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Tuesday, July 2, 2013


The title is irresistible. The movie? Not so much. No doubt it sounded like a crackerjack idea to get high-tech vampire whiz Timur Bekmambetov out of Russia to meg. But his homegrown vampire hits (NIGHT WATCH/’04 and DAY WATCH/’06) didn’t go over Stateside and this proved equally unfathomable/unpalatable. At first, there’s a sense of amusing gall in filling up ‘Lincoln lacunae’ with secret vampire-hunting excursions, even a kind of nutcase logic to it. But Bekmambetov scrambles the goofball idea with CGI action sequences so disjointed that nothing adds up, each shot feels like a discrete unit. And things only get worse once we skip ahead to the Civil War with the vampires joining Team South and lousy aging make-up for all the non-non-dead. (Or should that be ‘the un-undead?’) The fun in these ‘what if’ fantasies is seeing how a crazy idea plays out against a background that’s as fact-driven as possible. But little in here follows thru on characters we know all too well. Heck, they can’t even get their vampire mythology right. (Silver bullets are for werewolves. Right?) Hard to know if the cultural fumbling falls on Bekmambetov or scripter Seth Grahame-Smith, fresh from regrettable work on Tim Burton’s unhappy DARK SHADOWS/’12. At least the non-CGI stuff is elegantly lit by lenser Caleb Deschanel, and you could hardly improve on the actors. Benjamin Walker has a great physique (head & bod) for the young Lincoln, and wins bonus points by letting us see what a young Liam Neeson might have done with the part. Rufus Sewell is under-used, as usual, but excellent as the baddie while the real standout is Jimmi Simpson as Lincoln’s ambivalent buddy. A nice step up from the snide intern he used to play for David Letterman on THE LATE SHOW.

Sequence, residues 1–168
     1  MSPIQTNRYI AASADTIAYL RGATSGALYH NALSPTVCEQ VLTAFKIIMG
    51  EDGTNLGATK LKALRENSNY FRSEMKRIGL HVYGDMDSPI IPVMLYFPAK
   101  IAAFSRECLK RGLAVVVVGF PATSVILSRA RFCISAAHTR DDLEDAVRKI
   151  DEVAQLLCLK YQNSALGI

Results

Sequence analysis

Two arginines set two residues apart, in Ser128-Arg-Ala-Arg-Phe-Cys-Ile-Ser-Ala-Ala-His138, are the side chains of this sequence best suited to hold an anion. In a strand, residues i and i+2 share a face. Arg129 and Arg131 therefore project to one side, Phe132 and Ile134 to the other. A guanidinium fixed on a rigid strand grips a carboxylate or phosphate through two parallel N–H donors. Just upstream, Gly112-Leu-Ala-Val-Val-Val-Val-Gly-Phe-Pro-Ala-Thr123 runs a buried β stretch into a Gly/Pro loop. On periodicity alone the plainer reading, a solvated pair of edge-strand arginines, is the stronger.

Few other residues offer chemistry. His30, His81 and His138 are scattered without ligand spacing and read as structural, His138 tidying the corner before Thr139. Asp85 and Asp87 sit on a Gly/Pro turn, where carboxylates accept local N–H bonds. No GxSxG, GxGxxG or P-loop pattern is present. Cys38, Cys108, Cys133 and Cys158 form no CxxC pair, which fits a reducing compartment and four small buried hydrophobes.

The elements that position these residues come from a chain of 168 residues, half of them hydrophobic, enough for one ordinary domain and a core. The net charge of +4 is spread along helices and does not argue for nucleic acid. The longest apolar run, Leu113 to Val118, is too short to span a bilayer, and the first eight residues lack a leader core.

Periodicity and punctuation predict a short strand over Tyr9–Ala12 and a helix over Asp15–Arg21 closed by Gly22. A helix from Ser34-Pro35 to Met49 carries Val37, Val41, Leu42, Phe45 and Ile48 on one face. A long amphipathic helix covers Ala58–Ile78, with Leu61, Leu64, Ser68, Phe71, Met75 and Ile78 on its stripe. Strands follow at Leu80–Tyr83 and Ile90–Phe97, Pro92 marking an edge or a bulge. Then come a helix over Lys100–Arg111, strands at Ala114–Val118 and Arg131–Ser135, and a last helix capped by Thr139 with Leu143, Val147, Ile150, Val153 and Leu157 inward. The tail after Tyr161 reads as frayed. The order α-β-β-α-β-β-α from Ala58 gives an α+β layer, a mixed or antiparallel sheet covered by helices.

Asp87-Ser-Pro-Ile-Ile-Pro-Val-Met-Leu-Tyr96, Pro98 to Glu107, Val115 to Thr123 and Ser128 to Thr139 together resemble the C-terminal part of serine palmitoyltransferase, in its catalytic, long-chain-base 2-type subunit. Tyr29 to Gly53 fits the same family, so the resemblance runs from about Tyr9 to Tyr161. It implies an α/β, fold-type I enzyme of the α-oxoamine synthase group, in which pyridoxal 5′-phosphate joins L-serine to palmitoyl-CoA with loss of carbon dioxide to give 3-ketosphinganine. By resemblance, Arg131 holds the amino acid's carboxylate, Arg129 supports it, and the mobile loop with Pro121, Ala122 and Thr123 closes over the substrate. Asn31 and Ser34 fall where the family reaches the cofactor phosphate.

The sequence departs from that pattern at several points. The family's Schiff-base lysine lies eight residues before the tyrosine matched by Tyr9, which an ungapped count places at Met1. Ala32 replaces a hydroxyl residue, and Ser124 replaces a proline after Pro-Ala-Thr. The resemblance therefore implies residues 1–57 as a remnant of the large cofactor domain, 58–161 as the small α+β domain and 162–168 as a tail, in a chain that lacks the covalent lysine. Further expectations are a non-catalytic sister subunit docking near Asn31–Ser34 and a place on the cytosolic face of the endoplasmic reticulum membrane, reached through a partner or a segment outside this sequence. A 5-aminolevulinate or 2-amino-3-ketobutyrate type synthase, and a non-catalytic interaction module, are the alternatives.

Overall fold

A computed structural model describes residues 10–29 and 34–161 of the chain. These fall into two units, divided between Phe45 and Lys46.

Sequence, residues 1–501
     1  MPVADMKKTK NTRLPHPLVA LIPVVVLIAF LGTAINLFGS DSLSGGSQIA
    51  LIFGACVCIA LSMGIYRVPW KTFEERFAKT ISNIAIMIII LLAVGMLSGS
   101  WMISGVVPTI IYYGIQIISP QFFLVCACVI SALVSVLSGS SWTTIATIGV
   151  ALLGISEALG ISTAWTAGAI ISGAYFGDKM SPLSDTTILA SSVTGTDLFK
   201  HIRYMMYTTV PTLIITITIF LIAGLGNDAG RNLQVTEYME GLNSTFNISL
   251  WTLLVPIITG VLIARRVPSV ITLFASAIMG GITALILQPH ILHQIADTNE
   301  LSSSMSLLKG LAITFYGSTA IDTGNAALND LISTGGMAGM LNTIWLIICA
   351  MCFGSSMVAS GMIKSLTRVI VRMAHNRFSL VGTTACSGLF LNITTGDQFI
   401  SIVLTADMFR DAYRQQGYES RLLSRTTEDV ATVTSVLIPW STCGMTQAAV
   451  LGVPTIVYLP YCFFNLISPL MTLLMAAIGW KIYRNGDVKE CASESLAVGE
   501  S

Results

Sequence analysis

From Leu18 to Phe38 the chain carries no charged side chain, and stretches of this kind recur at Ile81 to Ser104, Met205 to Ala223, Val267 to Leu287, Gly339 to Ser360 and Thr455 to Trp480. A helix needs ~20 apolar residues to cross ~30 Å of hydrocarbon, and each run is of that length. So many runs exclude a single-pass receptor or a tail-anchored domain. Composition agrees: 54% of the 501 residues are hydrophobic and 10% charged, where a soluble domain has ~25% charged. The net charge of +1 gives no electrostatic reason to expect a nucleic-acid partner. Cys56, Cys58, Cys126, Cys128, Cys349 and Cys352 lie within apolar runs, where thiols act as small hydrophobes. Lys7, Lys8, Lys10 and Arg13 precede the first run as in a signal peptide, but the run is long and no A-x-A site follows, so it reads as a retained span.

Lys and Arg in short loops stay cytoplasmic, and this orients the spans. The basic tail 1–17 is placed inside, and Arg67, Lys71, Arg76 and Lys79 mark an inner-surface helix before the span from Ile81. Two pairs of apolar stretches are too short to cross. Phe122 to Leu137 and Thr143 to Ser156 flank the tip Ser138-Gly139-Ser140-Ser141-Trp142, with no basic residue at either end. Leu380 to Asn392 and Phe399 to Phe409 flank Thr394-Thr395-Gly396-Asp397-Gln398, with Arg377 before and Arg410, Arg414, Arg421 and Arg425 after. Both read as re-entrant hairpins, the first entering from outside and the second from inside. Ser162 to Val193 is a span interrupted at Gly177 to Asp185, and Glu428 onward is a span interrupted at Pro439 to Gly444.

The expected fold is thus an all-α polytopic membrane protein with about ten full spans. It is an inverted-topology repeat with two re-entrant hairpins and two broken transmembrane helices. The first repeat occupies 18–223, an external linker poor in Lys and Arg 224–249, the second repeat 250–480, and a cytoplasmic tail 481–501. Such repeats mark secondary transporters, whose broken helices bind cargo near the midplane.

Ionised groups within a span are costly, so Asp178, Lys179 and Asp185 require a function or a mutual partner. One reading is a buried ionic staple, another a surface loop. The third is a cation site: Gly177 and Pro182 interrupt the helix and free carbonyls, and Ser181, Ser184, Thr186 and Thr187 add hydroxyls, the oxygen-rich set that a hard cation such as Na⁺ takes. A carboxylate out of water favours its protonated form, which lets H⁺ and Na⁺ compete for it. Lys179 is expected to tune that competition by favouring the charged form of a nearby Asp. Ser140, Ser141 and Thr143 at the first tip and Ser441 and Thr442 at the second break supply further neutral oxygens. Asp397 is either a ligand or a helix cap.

WATCH THIS, NOT THAT: It’s not exactly great, but THE WIND AND THE LION lets Brian Keith take a ripping shot at playing a pre-Prez Teddy Roosevelt.

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